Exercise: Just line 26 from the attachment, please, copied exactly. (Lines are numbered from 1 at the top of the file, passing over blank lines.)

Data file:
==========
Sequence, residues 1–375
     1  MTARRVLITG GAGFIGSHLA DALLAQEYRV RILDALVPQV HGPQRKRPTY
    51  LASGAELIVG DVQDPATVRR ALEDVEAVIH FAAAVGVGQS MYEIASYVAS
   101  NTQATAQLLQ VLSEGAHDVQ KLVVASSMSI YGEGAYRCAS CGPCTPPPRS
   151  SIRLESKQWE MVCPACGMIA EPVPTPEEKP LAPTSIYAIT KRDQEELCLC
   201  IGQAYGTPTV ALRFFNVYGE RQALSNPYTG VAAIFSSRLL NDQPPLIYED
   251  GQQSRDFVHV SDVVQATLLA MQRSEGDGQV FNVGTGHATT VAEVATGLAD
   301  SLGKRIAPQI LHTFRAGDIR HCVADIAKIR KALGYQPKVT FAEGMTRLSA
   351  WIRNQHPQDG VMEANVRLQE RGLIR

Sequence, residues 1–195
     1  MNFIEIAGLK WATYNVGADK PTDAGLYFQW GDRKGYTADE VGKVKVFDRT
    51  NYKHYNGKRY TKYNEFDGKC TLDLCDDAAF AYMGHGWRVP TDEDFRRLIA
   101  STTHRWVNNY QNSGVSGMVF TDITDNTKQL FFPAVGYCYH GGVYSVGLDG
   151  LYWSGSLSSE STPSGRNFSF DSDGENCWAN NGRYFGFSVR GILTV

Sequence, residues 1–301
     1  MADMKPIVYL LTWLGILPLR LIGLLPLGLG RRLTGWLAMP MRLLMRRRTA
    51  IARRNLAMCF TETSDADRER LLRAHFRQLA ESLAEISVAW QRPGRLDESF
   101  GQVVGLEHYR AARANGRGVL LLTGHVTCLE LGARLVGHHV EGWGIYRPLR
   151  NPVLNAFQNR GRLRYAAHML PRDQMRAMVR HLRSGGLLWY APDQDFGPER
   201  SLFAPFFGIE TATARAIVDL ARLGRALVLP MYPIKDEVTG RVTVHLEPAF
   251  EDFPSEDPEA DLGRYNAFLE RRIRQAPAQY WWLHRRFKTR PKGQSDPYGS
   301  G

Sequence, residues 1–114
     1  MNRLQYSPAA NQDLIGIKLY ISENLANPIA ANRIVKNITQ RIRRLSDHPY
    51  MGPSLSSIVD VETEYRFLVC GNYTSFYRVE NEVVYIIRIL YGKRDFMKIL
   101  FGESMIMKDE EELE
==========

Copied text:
   101  FGESMIMKDE EELE